Functional foods are gaining in popularity: big-name grocery product manufacturers like Kraft are making huge R&D investments in bringing these nutritionally enhanced foods to market. Likewise, customer demand for healthier, enhanced foods is surging.
But here's the real story on functional foods: most health claims on brand-name grocery store products are hogwash. Here's what I mean: take the most popular brand of strawberry milk powder. It's made primarily with refined white sugar, an ingredient known to promote obesity, diabetes, mood swings and ADHD in children. On the front label of this product, you'll find a claim about how it provides 100% of the daily requirement for calcium. This claim makes the product appear healthy when, in fact, it's a product made with ingredients that directly promote chronic disease. If anything, the label should say, "Diabetes in a can!"
Most of the health claims on brand-name functional foods are, in fact, misleading. The typical processed food product contains refined carbohydrates, hydrogenated oils, and various chemical additives like aspartame, MSG or artificial coloring. You can't make this product healthy by adding a tiny dab of calcium, iodine or lutein. The product is inherently unhealthy, and enhancing it with a few milligrams of something that's good for you doesn't offset the product's fundamental potential for harming your health.
In fact, the big food manufacturers really just exploit these health claims to sell more products, not to fundamentally make their foods healthier. They can take a highly toxic, disease-promoting manufactured food item, dose it up with extra calcium or soy, and slap a healthy-sounding claim on the front label, all with the full approval of the FDA.
If anything, food manufacturers hide behind these health claims, using them to camouflage unhealthy foods by adorning them with labels and claims that make them appear to be healthful. Meanwhile, the truly healthy foods aren't allowed to make any claims whatsoever. Spirulina, for example, which is an extraordinary health-enhancing superfood that contains phytonutrients, vitamins, minerals and abundant protein, can't be sold with any health claims whatsoever. Yet instant chocolate milk made primarily with sugar can. How's that for food politics?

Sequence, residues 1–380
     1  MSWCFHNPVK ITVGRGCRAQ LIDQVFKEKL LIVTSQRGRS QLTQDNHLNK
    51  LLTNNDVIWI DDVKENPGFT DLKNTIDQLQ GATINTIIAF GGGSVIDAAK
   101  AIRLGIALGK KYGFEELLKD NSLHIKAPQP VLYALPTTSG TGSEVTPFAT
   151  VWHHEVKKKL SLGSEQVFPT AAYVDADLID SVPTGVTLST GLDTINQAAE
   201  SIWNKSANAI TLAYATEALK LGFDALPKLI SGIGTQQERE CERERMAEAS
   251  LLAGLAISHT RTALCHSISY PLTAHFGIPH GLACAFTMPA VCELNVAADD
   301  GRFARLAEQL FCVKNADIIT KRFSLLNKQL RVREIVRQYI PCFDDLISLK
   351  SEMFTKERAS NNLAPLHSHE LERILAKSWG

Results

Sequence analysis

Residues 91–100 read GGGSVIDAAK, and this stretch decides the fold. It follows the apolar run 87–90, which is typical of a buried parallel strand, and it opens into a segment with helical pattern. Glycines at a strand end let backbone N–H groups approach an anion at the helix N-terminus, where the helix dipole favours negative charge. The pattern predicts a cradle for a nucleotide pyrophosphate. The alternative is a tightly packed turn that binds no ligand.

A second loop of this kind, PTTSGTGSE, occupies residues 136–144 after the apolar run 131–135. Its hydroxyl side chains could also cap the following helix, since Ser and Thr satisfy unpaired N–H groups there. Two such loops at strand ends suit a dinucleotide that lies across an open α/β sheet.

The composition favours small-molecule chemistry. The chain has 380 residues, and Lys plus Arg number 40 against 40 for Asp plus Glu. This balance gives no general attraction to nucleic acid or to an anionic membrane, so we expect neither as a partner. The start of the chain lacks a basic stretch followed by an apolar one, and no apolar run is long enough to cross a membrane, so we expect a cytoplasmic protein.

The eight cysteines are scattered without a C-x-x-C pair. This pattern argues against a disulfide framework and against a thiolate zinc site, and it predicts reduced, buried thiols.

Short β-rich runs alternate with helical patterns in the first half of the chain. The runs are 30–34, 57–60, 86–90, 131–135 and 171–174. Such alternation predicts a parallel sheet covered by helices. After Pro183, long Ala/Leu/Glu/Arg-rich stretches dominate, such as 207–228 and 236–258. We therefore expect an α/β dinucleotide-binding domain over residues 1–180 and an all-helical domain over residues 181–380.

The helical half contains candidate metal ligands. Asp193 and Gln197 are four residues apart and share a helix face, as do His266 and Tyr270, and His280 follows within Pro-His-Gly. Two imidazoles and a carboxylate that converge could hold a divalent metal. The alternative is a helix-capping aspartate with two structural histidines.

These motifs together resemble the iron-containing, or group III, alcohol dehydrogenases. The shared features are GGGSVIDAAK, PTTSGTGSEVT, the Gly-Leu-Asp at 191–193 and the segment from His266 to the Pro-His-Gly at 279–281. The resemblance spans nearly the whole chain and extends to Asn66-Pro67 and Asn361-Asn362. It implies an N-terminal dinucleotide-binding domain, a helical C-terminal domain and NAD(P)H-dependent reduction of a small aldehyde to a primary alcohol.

This is why I think health claims on brand-name foods are worse than useless -- they're actually misleading to consumers. But they're great marketing gimmicks, and people believe the claims, which is why the big food makers want to keep slapping these claims on their food products. The truth, however, is that virtually all the grocery products manufactured by the big, popular food producers are extremely bad for human health. They're made with an alarming variety of metabolic disruptors -- ingredients that interfere with normal human metabolism. Tossing in a few milligrams of ground of sea shells (calcium powder) doesn't materially improve the health of these products.
About the author: Mike Adams is a consumer health advocate and award-winning journalist with a passion for teaching people how to improve their health He is a prolific writer and has published thousands of articles, interviews, reports and consumer guides, and he has published numerous courses on preparedness and survival, including financial preparedness, emergency food supplies, urban survival and tactical self-defense. Adams is an independent journalist with strong ethics who does not get paid to write articles about any product or company. In mid 2010, Adams produced TV.NaturalNews.com, a natural health video sharing website offering user-generated videos on nutrition, green living, fitness and more. He also founded an environmentally-friendly online retailer called BetterLifeGoods.com that uses retail profits to help support consumer advocacy programs. He's also a noted pioneer in the email marketing software industry, having been the first to launch an HTML email newsletter technology that has grown to become a standard in the industry. Adams volunteers his time to serve as the executive director of the Consumer Wellness Center, a 501(c)3 non-profit organization, and practices nature photography, Capoeira, martial arts and organic gardening. Known by his callsign, the 'Health Ranger,' Adams posts his missions statements, health statistics and health photos at www.HealthRanger.org
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